Joshua 4: 1-9 and 19-24, page 196
When the entire nation had finished crossing over the Jordan, the Lord said to Joshua: “Select twelve men from the people, one from each tribe, and command them, ‘Take twelve stones from here out of the middle of the Jordan, from the place where the priests’ feet stood, carry them over with you, and lay them down in the place where you camp tonight.’”
Then Joshua summoned the twelve men from the Israelites, whom he had appointed, one from each tribe. Joshua said to them, “Pass on before the ark of the Lord your God into the middle of the Jordan, and each of you take a stone on his shoulder, one for each of the tribes of the Israelites, so that this may be a sign among you.
When your children ask in time to come, ‘What do these stones mean to you?’ then you shall tell them that the waters of the Jordan were cut off in front of the ark of the covenant of the Lord. When it crossed over the Jordan, the waters of the Jordan were cut off. So these stones shall be to the Israelites a memorial forever.”
The Israelites did as Joshua commanded. They took up twelve stones out of the middle of the Jordan, according to the number of the tribes of the Israelites, as the Lord told Joshua, carried them over with them to the place where they camped, and laid them down there. (Joshua set up twelve stones in the middle of the Jordan, in the place where the feet of the priests bearing the Ark of the Covenant had stood; and they are there to this day.)
(19) The people came up out of the Jordan on the tenth day of the first month, and they camped in Gilgal on the east border of Jericho. Those twelve stones, which they had taken out of the Jordan, Joshua set up in Gilgal, saying to the Israelites, “When your children ask their parents in time to come, ‘What do these stones mean?’ then you shall let your children know, ‘Israel crossed over the Jordan here on dry ground.’ For the Lord your God dried up the waters of the Jordan for you until you crossed over as the Lord your God did to the Red Sea, which God dried up for us until we crossed over, so that all the peoples of the earth may know that the hand of the Lord is mighty, and so that you may fear the Lord your God forever.”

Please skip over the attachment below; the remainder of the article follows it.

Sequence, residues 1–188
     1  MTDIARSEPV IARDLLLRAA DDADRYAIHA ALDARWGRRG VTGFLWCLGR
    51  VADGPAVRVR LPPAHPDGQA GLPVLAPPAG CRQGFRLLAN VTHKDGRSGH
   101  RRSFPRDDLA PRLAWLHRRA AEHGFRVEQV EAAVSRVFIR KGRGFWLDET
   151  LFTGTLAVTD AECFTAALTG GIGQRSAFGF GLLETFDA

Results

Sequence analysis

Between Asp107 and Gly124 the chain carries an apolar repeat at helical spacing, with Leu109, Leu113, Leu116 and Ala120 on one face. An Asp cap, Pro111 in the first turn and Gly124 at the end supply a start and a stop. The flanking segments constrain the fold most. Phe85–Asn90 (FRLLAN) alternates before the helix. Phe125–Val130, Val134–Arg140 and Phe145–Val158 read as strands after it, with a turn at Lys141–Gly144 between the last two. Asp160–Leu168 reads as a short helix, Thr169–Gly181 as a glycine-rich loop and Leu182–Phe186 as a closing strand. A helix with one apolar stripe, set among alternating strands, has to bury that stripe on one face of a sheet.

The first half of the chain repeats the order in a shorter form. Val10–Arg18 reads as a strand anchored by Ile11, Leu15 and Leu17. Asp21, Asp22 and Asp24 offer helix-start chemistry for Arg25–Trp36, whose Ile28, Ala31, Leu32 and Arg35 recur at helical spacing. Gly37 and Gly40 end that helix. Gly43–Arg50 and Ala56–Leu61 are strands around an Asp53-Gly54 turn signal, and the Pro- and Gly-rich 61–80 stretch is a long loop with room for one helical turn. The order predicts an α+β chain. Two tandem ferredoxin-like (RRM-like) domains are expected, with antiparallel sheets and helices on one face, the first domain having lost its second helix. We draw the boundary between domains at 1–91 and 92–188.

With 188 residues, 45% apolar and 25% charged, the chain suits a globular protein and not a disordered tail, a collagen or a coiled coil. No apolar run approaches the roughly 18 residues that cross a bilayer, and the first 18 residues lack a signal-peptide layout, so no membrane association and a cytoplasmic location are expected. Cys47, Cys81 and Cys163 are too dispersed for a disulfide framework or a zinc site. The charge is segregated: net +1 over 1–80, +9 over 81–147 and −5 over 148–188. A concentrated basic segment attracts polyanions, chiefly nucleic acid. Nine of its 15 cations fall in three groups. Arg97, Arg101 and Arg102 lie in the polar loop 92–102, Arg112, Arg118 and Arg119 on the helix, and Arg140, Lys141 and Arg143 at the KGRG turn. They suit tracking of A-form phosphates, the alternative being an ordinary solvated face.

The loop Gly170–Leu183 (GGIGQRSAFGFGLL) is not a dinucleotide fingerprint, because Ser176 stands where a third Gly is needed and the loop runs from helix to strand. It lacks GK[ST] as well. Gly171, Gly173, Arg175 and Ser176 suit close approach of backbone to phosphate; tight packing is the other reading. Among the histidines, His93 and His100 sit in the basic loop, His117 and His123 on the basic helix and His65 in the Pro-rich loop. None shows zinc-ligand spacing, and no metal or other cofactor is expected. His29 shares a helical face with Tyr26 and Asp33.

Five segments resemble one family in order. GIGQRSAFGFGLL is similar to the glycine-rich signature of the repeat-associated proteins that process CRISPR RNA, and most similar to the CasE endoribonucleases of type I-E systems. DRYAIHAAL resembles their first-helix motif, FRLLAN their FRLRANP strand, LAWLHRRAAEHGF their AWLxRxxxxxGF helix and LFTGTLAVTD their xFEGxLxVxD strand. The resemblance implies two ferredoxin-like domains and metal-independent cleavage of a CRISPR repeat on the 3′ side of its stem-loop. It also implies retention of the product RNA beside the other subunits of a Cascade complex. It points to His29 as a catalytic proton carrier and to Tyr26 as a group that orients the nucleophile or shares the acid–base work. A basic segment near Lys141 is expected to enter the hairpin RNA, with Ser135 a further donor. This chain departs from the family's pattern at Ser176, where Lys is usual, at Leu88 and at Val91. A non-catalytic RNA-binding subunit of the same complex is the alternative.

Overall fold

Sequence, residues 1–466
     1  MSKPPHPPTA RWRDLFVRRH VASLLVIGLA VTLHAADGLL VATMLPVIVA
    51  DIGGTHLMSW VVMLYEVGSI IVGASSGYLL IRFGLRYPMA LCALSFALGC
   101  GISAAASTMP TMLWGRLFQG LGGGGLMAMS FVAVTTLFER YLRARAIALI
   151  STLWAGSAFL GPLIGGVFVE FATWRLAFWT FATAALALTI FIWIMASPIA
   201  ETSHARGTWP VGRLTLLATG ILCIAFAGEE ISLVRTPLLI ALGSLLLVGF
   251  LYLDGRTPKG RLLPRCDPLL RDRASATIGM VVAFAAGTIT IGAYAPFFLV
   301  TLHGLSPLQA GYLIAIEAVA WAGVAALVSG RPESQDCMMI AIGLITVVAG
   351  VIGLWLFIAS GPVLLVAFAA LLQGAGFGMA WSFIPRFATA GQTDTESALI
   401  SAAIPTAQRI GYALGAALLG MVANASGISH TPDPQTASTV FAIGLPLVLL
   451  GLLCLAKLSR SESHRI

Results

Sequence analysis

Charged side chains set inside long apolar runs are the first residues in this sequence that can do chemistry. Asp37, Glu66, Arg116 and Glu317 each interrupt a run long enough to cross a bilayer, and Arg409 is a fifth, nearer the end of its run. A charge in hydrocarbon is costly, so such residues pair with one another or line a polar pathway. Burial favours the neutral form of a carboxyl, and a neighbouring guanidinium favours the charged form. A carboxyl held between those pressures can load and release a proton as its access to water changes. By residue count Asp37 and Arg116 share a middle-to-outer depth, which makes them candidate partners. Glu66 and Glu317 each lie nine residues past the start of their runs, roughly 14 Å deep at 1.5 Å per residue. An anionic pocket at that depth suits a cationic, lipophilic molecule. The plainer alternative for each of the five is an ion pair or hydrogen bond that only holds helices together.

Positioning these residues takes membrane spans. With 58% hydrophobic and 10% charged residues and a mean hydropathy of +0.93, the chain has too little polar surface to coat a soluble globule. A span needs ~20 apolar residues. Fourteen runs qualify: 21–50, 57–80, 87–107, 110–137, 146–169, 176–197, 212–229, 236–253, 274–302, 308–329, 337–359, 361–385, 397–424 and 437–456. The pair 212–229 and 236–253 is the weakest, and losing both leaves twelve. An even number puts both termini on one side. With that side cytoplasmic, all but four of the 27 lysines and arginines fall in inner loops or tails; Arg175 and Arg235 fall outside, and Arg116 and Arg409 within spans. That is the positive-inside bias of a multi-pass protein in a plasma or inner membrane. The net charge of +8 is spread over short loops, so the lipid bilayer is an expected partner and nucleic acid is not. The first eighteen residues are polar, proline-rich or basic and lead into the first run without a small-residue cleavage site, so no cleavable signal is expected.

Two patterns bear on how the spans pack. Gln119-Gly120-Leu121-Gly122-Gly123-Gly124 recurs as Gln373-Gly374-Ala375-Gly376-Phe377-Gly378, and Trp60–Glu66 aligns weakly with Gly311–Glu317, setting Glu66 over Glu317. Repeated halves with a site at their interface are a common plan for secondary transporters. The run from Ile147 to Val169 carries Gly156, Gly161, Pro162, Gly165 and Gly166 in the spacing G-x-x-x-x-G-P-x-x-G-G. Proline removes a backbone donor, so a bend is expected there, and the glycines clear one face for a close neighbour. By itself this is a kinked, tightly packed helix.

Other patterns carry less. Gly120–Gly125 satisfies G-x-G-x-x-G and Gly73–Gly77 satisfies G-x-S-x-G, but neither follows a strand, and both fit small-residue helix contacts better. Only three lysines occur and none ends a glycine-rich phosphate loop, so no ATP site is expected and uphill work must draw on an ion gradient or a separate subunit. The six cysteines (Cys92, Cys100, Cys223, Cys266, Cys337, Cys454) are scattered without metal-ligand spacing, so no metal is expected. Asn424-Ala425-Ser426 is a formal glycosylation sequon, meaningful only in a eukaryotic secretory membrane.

It’s not quite Halloween, but already, available in the ice cream isle at Kroger on James Campbell Boulevard is Blue Bell’s candy cane ice cream. I’m not complaining, it’s delicious, but it’s still October and it seems like Christmas comes earlier and earlier each year.
When I was 10 it couldn’t get here soon enough. It seemed like the days of December lasted forever and the sooner toy stores provided ideas for my Christmas, list the better.
I assume that’s the point. Stores assume that the earlier they start promoting Christmas the more time we’ll have to think about what we want. And the more time we have to think about what we want, the more we’ll buy. But there’s a problem here. We’re trained to want. Earlier and earlier every year we are trained to gear up for wanting, and when Christmas morning comes, even if we receive everything our heart desires, it’s still hard to turn our brains off wanting.
When I was five, six, and seven – I don’t think it worked this way, but by the time I was 11 something started to change. By the time I was 11, I remember going through all my presents and after unwrapping everything I could see. I’d check under the sofa to make sure I didn’t miss anything. I’d go through my Christmas list in my head accounting for what I received and longing for what I didn’t.
What I didn’t get became the focus of my attention; surrounded by wrapping paper and who knows how many presents, I was busy thinking about what I still wanted.